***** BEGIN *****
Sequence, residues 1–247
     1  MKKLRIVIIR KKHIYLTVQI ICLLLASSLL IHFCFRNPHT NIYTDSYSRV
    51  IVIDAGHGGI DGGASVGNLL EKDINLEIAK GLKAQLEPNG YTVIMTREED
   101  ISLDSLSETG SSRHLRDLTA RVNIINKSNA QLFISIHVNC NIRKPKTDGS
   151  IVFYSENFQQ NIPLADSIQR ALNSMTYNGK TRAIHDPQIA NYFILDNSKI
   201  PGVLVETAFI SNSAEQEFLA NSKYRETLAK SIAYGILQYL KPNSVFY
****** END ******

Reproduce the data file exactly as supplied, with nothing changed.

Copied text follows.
Sequence, residues 1–247
     1  MKKLRIVIIR KKHIYLTVQI ICLLLASSLL IHFCFRNPHT NIYTDSYSRV
    51  IVIDAGHGGI DGGASVGNLL EKDINLEIAK GLKAQLEPNG YTVIMTREED
   101  ISLDSLSETG SSRHLRDLTA RVNIINKSNA QLFISIHVNC NIRKPKTDGS
   151  IVFYSENFQQ NIPLADSIQR ALNSMTYNGK TRAIHDPQIA NYFILDNSKI
   201  PGVLVETAFI SNSAEQEFLA NSKYRETLAK SIAYGILQYL KPNSVFY